Threatening processes
Threatening process for Homopholis belsonii include: habitat clearing, especially of poplar box woodlands in Queensland, for grazing, cropping and mining; weed invasion, including the introduction of green panic, Megathyrsus maximus (especially in remnants), Hyparrhenia hirta between Warialda and the NSW-Queensland border and tiger pear (Opuntia aurantiaca) east of Goondiwindi (DESWPC, 2012; DECNSW, 2012).
Status notes
Homopholis belsonii is listed as Endangered under the Queensland Nature Conservation Act 1992.
Homopholis belsonii
is listed as Vulnerable under the Commonwealth Environment Protection and Biodiversity Conservation Act 1999 (EPBC Act)
Management recommendations
Regional and local priority actions to support the recovery of Homopholis belsonii are outlined by DSEWPC (2012). A summary of these include: avoid habitat loss, disturbance and modification (e.g. control access routes to suitably constrain public access to known sites on public land; suitably control and manage access on private land; control weed invasion (e.g. Identify and remove weeds in the local area, which could become a threat to H. belsonii, using appropriate methods; manage sites to prevent introduction of invasive weeds, which could become a threat to the species, using appropriate methods); minimise trampling and grazing (e.g. prevent grazing at known sites on leased crown land through exclusion fencing or other barriers).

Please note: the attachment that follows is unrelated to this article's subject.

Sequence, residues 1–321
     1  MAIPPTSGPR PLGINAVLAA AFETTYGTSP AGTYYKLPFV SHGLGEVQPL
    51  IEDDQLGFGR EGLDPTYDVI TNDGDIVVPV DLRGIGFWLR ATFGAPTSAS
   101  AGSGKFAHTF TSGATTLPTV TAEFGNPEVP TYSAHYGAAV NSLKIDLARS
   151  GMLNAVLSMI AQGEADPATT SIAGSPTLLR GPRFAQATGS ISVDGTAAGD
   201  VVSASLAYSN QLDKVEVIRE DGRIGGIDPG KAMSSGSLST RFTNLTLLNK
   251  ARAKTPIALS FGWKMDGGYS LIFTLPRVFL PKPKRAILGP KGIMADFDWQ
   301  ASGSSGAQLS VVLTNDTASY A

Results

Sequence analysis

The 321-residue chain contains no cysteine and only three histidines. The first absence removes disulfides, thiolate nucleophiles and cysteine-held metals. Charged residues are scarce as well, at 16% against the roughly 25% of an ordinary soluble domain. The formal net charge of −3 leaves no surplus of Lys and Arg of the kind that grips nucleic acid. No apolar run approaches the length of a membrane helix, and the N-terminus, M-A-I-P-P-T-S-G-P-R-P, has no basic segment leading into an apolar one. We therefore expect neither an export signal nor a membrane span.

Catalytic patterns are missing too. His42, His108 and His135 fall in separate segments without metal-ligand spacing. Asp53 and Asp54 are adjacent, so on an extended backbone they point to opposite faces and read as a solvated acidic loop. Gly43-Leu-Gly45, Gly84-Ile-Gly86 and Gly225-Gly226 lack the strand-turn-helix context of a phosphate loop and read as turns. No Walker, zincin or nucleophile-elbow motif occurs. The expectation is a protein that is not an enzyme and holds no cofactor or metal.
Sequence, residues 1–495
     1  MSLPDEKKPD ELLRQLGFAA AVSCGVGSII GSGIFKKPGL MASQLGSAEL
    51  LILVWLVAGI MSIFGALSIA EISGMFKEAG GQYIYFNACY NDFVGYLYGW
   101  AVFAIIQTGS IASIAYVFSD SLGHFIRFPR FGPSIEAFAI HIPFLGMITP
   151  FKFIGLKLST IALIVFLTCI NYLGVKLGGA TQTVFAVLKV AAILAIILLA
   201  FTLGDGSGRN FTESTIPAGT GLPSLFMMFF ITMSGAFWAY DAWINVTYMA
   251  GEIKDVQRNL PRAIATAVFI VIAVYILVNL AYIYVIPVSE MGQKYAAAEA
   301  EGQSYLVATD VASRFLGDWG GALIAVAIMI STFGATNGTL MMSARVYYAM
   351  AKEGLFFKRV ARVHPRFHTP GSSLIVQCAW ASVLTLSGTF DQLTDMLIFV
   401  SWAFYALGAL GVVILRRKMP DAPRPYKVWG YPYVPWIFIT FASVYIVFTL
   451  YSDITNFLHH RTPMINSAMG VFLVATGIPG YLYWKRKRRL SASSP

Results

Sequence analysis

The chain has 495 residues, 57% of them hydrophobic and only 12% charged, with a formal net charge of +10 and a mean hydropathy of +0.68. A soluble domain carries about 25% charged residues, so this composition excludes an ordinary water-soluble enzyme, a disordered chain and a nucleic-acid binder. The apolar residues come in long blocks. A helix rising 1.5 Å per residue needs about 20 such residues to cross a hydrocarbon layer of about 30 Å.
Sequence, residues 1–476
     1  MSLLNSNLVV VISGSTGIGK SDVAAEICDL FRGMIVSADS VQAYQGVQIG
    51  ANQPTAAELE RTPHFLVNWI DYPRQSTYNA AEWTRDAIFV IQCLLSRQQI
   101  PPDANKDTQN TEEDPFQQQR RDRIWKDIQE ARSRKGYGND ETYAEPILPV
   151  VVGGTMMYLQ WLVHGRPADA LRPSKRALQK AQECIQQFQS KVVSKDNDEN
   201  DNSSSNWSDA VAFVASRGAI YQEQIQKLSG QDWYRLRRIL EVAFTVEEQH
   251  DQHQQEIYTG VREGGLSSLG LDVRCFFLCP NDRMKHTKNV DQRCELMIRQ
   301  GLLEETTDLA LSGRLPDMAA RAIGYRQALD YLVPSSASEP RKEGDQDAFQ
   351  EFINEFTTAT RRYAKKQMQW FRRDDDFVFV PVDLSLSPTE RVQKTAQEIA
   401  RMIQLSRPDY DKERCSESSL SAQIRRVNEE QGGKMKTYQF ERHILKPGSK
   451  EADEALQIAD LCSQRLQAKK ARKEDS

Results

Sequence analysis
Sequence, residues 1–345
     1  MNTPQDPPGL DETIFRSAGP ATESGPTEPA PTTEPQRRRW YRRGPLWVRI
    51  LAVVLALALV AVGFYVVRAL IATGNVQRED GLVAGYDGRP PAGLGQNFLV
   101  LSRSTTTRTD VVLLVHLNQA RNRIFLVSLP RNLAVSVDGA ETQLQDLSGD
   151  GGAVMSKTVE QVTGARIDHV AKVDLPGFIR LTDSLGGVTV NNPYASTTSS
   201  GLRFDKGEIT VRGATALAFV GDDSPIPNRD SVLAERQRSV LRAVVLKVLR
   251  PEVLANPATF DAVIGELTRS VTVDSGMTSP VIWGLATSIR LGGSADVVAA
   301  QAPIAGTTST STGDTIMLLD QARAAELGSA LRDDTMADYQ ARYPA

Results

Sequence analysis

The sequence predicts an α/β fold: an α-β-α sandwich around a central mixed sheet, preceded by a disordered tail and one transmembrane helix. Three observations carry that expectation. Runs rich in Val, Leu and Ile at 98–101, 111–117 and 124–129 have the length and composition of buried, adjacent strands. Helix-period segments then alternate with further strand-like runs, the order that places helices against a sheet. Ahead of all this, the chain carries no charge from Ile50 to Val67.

Notes
Occurs in the following Queensland pastoral districts: Darling Downs. Also occurs in the following regions: New South Wales.
References
Department of Sustainability, Environment, Water, Population and Communities (DSEWPC) (2012). Homopholis belsonii in Species Profile and Threats Database, Department of Sustainability, Environment, Water, Population and Communities, Canberra. Accessed 27/02/2012. http://www.environment.gov.au/sprat.
Hubbard, C.E. (1934). Bulletin of Miscellaneous Information, Kew : 127.